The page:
Posted: 11 July 2009
Word Count: 395
Summary: For Caroline's challenge
Simon lay in the grass. Above him, the deadly ballet of a dogfight cut white trails into the blue August sky. The distant whine of the engines was masked by the violin-rasp of South Downs grasshoppers.
Usually he'd rather be back home in Bermondsey, but today it wasn't too bad being an evacuee. Turning on his side, he could see far below him a crowd of people. gathered around a podium draped with the Union flag. They parted as the Parish councillor arrived, furiously pedalling a bicycle.
Breathless and red-faced, the councillor took the microphone. 'Ladies and gentlemen, thank you for attending. No effort has been spared to make this a most enjoyable occasion. I declare the village fete open!'
As Simon descended, a skylark rose, trilling its 'look at me' song but its music was drowned by the misfiring of an aircraft engine. The boy looked up and recognised the silhouette from the chart Mr. Tate kept at the farmhouse: a Messerschmitt 109.
Trailing black smoke, the plane flew low, keeping just above the trees. Kurt Seitz battled to keep the machine airborne. As he pulled back on the steering column, pain gripped him. Beneath his left arm, a fragment of cannon shell from a Spitfire worked its way toward his heart.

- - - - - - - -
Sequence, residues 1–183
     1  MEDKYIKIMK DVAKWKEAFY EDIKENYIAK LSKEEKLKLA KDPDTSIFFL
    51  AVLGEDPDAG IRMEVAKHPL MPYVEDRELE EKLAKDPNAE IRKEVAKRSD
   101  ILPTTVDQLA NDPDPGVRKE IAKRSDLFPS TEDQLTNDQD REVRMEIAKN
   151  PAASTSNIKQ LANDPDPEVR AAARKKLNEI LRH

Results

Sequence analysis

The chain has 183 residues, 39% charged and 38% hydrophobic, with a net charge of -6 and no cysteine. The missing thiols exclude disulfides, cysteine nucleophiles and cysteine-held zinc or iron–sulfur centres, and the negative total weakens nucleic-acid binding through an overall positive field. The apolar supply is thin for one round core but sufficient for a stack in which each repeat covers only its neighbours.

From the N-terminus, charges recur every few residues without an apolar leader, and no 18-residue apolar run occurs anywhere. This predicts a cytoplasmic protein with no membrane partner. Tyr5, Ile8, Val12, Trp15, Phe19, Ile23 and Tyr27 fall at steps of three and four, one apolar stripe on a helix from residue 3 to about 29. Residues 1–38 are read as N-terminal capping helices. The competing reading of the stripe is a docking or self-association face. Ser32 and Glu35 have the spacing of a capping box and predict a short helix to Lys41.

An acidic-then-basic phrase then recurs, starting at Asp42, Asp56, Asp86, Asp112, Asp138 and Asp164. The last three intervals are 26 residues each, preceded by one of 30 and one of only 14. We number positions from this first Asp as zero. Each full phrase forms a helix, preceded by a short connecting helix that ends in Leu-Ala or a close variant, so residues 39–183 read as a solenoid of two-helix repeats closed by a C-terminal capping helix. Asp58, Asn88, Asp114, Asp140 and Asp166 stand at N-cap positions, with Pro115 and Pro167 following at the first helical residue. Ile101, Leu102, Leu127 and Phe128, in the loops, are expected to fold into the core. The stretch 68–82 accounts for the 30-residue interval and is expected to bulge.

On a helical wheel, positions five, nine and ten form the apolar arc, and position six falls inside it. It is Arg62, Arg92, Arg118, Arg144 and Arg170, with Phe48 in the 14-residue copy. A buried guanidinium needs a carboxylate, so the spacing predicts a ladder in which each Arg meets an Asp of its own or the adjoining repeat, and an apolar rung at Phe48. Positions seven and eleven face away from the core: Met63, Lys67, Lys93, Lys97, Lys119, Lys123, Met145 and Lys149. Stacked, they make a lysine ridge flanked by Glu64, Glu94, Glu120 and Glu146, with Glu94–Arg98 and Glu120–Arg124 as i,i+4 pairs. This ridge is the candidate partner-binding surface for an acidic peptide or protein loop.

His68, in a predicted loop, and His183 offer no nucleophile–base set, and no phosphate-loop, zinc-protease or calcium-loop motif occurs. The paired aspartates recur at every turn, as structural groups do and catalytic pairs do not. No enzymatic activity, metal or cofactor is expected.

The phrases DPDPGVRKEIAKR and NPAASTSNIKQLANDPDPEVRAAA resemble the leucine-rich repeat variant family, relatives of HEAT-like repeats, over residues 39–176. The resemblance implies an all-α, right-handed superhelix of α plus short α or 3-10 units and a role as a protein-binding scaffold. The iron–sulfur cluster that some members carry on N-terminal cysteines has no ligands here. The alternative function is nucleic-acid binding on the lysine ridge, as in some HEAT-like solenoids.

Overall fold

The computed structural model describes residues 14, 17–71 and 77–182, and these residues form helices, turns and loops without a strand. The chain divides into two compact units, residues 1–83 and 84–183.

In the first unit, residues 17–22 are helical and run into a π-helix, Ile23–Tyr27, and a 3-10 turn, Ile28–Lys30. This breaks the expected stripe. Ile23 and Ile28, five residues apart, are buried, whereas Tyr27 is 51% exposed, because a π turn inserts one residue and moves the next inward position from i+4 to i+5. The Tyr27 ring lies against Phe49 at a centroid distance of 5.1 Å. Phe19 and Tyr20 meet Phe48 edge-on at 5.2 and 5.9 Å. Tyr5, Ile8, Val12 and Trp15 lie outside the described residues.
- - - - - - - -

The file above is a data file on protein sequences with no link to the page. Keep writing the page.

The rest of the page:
As a small valley opened up, the pilot's spirits lifted at the sight of flags and troops below. It was the opportunity for one last blow for the Reich.
Little Katy wasn't interested in the Boy Scouts marching, or the elderly Home Guards' drills. Her eyes were fixed on older brother James as he threw hoops at a goldfish in a bowl. If he won, he'd promised her the prize. She'd always wanted a pet.
As the sound of the stuttering engine grew louder, faces around her turned fearful. Suddenly people were running. James gathered her up and started up the nearby hill. Below them they could hear the pop-pop of the Home Guard Lee Enfields.
Seitz saw the children climbing, one clutching a doll, and recognised his error. He pulled back on the controls, and opened the throttle. Screaming its last, the engine pulled the aircraft higher, before suddenly falling silent.
The Messerschmitt gently banked to the left, and exploded against a chalk outcrop, a ball of orange flame.
Led by the councillor, people began clapping, until applause filled the air.
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